In Minnesota, we don’t let the snow or the cold keep us from being active. Despite the chill, there’s a lot to love about Minnesota winters. But outdoor activities that kids love, like sledding, can sometimes be dangerous.
Due to the nature of this fun winter activity, there is a possibility your child could get hurt. As they go down slippery, icy hills at a fast pace, there is a chance they could fall and injure themselves.
Falls from sledding can sometimes be gentle and your child can get back up and head down the hill one more time. But there are times when these falls can be more serious, like a fall involving a head injury. These injuries can be dangerous and sometimes even deadly. Injuries like these send thousands of kids and teens to the emergency room annually. Collisions with objects or other people can also cause serious injuries.
We want kids to enjoy the winter wonderland we call home, so we’re sharing some tips for parents to keep their kids safe while sledding.
Before you go sledding
Dress for success
Because sledding involves a lot of time outdoors, make sure your kids wear warm, waterproof clothing to reduce any risk of frostbite or hypothermia. Children should dress in full winter gear: hats, gloves or mittens, snow pants, winter jacket, and snow boots. But be careful with loose clothing items like scarves, because they can get caught in sleds and other winter sports gear and pose a strangulation risk.
Make sure your kids, especially those under age 12, wear helmets. Helmets designed for winter sports are ideal, but if you don’t have one, a bike helmet works well too.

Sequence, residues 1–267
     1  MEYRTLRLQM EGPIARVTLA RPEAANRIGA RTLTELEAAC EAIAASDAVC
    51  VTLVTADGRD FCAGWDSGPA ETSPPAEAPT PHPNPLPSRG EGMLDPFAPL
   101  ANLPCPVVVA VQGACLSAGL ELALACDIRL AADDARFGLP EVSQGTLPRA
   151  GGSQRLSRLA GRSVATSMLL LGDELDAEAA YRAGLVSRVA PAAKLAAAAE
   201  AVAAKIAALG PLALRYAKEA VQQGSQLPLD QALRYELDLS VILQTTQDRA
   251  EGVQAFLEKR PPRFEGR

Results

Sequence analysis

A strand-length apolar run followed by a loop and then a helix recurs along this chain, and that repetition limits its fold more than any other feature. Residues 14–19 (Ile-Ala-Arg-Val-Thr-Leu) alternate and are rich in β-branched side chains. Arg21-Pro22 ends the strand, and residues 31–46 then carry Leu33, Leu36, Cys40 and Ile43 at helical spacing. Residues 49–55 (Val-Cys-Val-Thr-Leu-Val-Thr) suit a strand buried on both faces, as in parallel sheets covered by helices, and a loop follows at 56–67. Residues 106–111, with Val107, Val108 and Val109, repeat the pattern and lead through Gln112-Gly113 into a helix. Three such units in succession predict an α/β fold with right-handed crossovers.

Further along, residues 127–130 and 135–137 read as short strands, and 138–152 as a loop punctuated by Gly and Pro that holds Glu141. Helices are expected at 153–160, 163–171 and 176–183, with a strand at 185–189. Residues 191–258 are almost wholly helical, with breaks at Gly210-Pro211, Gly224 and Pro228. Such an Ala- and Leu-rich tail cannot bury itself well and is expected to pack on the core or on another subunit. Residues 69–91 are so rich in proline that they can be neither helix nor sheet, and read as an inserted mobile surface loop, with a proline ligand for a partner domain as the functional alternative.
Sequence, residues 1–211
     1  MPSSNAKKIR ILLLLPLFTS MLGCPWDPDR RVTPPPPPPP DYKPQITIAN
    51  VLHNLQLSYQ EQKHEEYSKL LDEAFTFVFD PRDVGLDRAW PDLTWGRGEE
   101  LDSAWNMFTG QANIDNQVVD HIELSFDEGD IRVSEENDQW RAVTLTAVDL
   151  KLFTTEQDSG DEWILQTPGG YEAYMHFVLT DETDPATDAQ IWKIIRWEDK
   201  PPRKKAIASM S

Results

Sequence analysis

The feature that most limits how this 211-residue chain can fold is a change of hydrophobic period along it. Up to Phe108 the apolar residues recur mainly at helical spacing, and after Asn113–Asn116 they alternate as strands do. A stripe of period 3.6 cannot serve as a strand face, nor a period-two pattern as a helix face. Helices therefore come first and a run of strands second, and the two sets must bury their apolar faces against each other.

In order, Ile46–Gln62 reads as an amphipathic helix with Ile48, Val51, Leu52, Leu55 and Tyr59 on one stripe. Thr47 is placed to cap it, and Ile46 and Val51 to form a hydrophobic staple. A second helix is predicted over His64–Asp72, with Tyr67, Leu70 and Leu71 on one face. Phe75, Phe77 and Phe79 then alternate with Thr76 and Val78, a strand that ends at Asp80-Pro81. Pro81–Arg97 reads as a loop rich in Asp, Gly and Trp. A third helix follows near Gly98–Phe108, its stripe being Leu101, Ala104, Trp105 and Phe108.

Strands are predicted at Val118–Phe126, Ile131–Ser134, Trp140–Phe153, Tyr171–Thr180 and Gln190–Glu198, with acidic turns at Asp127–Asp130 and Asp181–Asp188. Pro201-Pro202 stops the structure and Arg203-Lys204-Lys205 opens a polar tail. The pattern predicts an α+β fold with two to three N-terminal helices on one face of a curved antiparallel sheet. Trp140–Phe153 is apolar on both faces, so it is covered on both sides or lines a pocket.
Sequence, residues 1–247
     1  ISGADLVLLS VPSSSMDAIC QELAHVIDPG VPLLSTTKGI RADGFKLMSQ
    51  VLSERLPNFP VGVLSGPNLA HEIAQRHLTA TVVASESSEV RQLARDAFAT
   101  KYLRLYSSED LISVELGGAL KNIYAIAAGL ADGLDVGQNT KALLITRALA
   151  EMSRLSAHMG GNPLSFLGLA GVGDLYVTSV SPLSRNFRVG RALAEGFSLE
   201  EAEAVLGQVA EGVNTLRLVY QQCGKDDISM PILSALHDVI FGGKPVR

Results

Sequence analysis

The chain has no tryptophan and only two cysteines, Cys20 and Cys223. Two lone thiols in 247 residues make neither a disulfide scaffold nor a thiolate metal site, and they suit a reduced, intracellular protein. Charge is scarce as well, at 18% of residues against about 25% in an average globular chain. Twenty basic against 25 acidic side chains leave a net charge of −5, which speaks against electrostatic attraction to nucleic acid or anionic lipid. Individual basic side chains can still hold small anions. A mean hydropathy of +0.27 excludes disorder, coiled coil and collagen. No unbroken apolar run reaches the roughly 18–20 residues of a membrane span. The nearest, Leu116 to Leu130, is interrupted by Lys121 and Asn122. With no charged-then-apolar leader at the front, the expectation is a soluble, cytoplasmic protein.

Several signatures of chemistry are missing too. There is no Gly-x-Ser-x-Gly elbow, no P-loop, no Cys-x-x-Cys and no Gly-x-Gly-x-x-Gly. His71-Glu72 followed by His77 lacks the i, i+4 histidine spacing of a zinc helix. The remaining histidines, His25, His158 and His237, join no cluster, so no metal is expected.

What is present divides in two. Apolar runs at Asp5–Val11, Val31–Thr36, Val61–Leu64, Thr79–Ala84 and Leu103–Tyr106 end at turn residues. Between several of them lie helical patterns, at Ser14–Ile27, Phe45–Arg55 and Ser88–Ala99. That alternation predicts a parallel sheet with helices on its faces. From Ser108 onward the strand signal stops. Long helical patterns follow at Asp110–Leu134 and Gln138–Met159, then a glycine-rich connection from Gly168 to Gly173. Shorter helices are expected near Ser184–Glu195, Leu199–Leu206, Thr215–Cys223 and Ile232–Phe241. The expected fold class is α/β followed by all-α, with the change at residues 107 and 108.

Choose the right sled
Sleds like tubes, saucers, toboggans, and sled-substitutes like lunch trays or cardboard boxes are not safe for sledding because children cannot steer or slow down when needed.
How to pick the right hill
It can sometimes be hard to tell if a hill is safe for sledding when it’s covered in snow. So first, make sure the conditions are right. If there has been a recent thaw and re-freeze, it may not be the best day to go sledding. Not only does ice pose a slipping hazard, it can also make for hard landings if kids fall off of their sled.
But on a nice snowy day, you should look for a hill that isn’t too steep and has a long flat area at the bottom so kids can safely glide to a stop. Make sure the hill doesn’t end near a street, parking lot, pond, wooded area, fence or any hazardous area. Before your children start sledding, check to ensure that the hill is free of obstacles like jumps, bumps, rocks, poles or trees.
Extra sledding tips
Here are a few extra tips to make sure you kids have a fun and safe time sledding:
- Children should be closely supervised at all times while sledding.
- Kids should sled one person at a time.
- Kids should always face forward and go down the hill feet first.
- Although jumps and obstacles can seem fun, they can make a sled behave unpredictably. Avoid jumping or excessive steering.
- Remind kids to keep their arms and legs within the sled at all times. If they do fall off the sled, tell them to move out of the way. Additionally, you should teach them how to roll off of a sled if it won’t stop.
- Kids should walk up the side of the hill and leave the middle of the hill open for sledding.
- In the event that someone does get injured, an adult should be near by to administer first aid and bring the sledder to the emergency room if necessary. Always call 9-1-1 in case of emergency, especially for neck and head injuries.
We love treating kids here at Children’s Minnesota, but we’d rather see them safe at home. Use these tips to keep your children safe this sledding season and have some fun!